Word of the Day – Mattamore

By September 14, 2018 Word of the Day

Mattamore (noun) (rare)

mat-e-mor

In northern Africa and the Middle East: a storehouse, cistern, prison, etc., located underground.

Late 17th century. From French matamore, † matamorre and its etymon Arabic maṭmūra from ṭamara to cover up, bury.

Example sentences

“They store them in the mattamore.”

Word of the Day – Entropy

| Word of the Day | No Comments
Entropy (noun) en-trop-ee Lack of order or predictability; gradual decline into disorder. Mid 19th century from en-‘inside’ + Greek tropē ‘transformation’. (more…)

Word of the Day – Madrigal

| Word of the Day | No Comments
Madrigal (noun) mad-rig-ul A part-song for several voices, especially one of the Renaissance period, typically unaccompanied and arranged in elaborate counterpoint. From Italian madrigale (from medieval Latin carmen matricale ‘simple…

Word of the Day – Scapula

| Word of the Day | No Comments
Scapula (noun) skap-yu-la The technical name for a shoulder blade Late 16th century from late Latin, singular of Latin scapulae ‘shoulder blades’. (more…)

Word of the Day – Resplendent

| Word of the Day | No Comments
Respeldent (adj) res-plen-dent Attractive and impressive through being richly colourful or sumptuous. Late Middle English from Latin resplendent- ‘shining out’, from the verb resplendere, from re- (expressing intensive force) +…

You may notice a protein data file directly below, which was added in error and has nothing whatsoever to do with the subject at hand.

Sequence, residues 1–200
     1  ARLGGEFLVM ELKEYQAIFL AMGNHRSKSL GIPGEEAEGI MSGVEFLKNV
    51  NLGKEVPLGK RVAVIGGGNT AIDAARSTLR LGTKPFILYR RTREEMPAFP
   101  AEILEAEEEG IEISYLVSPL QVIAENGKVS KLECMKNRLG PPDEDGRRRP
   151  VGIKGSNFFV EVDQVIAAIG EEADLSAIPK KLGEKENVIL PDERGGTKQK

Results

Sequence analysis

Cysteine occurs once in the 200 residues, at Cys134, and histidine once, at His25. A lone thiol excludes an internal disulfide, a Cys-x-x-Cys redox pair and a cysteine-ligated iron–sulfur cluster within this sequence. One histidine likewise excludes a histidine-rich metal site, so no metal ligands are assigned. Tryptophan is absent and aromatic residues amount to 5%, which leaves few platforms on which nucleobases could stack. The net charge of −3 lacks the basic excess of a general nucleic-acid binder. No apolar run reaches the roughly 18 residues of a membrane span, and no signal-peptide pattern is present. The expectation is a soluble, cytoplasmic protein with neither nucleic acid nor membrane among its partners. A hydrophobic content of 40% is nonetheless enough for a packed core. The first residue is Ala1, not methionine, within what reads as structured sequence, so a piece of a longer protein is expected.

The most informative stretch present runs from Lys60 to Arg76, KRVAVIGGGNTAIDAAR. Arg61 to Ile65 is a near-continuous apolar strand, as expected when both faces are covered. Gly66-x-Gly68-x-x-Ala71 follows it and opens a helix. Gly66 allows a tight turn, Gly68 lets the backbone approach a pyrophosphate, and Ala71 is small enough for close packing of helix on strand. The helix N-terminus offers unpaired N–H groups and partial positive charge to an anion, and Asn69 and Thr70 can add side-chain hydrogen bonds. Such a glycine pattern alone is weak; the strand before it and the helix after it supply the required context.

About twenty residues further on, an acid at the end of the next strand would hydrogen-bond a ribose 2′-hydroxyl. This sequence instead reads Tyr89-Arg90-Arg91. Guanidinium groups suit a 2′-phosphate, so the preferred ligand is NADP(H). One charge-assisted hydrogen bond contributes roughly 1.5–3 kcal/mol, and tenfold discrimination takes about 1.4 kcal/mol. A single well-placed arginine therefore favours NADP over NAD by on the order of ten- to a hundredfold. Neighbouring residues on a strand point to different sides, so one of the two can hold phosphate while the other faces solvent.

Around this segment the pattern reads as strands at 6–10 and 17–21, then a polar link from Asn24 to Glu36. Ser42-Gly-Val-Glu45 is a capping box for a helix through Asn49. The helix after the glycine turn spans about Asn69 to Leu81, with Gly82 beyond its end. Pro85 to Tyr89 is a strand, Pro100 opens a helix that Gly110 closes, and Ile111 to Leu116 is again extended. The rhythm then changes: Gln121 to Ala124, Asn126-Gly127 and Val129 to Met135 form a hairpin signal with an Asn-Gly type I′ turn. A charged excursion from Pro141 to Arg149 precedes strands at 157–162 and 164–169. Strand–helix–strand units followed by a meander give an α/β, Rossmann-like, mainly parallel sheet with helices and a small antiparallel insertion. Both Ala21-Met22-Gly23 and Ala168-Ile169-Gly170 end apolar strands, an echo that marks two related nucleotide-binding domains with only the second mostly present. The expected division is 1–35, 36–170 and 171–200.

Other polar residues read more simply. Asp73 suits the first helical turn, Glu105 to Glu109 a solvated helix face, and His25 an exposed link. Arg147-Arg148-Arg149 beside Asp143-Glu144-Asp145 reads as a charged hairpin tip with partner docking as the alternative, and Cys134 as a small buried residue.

Word of the Day – Cabal

| Word of the Day | No Comments
Cabal (noun) ka-bal A secret political clique or faction. Late 16th century (denoting the Kabbalah): from French cabale, from medieval Latin cabala (see (more…)

Word of the Day – Palfrey

| Word of the Day | No Comments
Palfrey (noun) (archaic) pawl-free A docile horse used for ordinary riding, especially by women. Middle English from Old French palefrei, from medieval Latin palefredus, alteration of late Latin paraveredus, from…

Word of the Day – Circadian

| Word of the Day | No Comments
Circadian (adj) sur-kay-dee-un (of biological processes) recurring naturally on a twenty-four-hour cycle, even in the absence of light fluctuations. 1950s formed irregularly from Latin circa ‘about’ + dies ‘day’. (more…)

Word of the Day – Scrump

| Word of the Day | No Comments
Scrump (verb) sk-rump Steal (fruit) from an orchard. Mid 19th century from dialect scrump ‘withered apple’. (more…)

Word of the Day – Purulent

| Word of the Day | No Comments
Purulent (adj) pew-rew-lent Consisting of, containing, or discharging pus. Late Middle English from Latin purulentus ‘festering’, from pus, pur- (see pus). (more…)

Leave a Reply